Schools under Wellington College China are supported by a strong technical support team who help ensure a smooth online learning experience for all pupils. Within the Central Office of the College there is an additional team of professional IT technicians in place to provide further system and infrastructure support for schools as required.


What Can We Learn from E-learning?


In an interview with Matt Lind, the Director of Information Technology for Wellington College China, he noted that Wellington College China has been using Microsoft’s education solution to aid teaching for some time. When an entire school's learning programme is moved online, technology is pushed to the forefront of education and plays a more important role in supporting teaching and learning than ever before. The solution provides teachers with a comprehensive toolset to deliver an effective online learning experience, which allowed for a rather smooth transition to online learning to take place within the College.


The quality of an E-learning platform or tool determines its effectiveness in helping pupils to learn. Therefore, the first step for a school to use E-learning is to equip itself with strong IT infrastructure and support.


Matt's team described the E-learning resources at Wellington College China as a “comprehensive toolset,” that is fully equipped to deliver an effective online learning experience. This toolset includes the following:


(1) A unified learning platform that helps pupils and parents. This platform allows for convenient access to all learning materials and resources from a single location.


(2) Clear online learning plans to guide pupils' learning at home. Pupils can review all their learning objectives and track their learning over time.


(3) Online classroom that allows for direct, personal interaction between the teacher and their pupils. This helps to facilitate learning and promote social interaction and exchange among pupils.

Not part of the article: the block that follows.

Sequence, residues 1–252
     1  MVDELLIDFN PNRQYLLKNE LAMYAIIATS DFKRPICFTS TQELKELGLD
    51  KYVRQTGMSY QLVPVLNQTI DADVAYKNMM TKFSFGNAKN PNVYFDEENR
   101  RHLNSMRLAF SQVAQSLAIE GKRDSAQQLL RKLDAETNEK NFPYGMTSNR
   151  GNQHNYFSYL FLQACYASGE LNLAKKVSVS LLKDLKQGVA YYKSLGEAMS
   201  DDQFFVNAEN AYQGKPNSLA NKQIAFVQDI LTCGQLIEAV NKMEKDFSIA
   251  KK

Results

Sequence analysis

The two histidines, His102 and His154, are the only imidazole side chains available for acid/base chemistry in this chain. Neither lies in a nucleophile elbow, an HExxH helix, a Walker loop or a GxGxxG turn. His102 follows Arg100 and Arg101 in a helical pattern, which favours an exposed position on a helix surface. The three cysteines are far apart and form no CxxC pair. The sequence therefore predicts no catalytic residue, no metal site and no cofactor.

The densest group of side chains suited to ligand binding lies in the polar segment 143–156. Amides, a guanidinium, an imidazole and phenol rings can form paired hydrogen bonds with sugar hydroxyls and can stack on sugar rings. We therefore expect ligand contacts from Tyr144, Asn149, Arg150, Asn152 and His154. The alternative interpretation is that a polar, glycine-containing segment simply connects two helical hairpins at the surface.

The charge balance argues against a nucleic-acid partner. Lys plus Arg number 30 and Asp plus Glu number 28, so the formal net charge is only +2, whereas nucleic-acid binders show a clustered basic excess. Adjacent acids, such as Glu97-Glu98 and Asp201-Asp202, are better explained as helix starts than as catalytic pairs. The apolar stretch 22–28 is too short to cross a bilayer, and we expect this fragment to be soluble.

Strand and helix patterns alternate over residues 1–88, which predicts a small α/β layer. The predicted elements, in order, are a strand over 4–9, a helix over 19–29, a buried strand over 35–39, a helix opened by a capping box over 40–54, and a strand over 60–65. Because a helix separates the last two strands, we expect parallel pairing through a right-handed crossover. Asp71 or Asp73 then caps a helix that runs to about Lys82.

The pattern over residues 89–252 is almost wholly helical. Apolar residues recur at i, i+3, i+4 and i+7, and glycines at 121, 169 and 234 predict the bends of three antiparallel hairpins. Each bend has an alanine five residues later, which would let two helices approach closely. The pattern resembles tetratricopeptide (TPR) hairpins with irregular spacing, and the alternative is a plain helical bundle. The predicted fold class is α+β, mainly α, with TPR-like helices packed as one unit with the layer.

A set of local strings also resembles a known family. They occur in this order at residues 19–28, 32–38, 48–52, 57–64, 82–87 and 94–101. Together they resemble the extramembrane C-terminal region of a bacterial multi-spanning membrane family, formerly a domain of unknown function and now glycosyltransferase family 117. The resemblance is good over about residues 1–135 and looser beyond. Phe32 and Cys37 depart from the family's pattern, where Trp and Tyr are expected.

(4) Pre-recorded video lessons so that pupils in different time zones can catch up on classes, and any other children who may have missed a lesson can easily access the recording and view the content later.


(5) Interactive instruction allows teachers to share their desktop and use a variety of learning applications to deliver the lesson content. Collaboration options also allow pupils to work together in groups as if they were sitting in the same classroom.


(6) Online timetable provides pupils and parents with an overview of the week’s lesson plan, helping them prepare for classes in advance as needed.


(7) Online assignments to help track pupils’ progress and monitor timely submission before the specified due date.


(8) Individual feedback allows teachers to review each of their pupils’ work and send it back with hand-written, personal comments directly and digitally to each pupil.


Wellington College China is glad that its schools have been able to respond to calls to move classes online quickly and effectively.


What Can We Learn from E-learning?


Teachers must be informed and able to adapt


Despite the latest E-learning technologies allowing for online classes to resemble their real-life counterparts as much as they can, E-learning and classroom learning environments are ultimately very different. When all teaching is carried out through a screen, teachers must have a good understanding of how they can use E-learning resources to maximise learning for pupils.


The current situation in China presents an opportunity for educators to better understand the fundamentals of online education. As online education takes place in separate locations, it is foreseeable that one of the challenges educators may face when moving classes online is monitoring their pupils’ progress.


What Can We Learn from E-learning?


Pupils must be self-motivating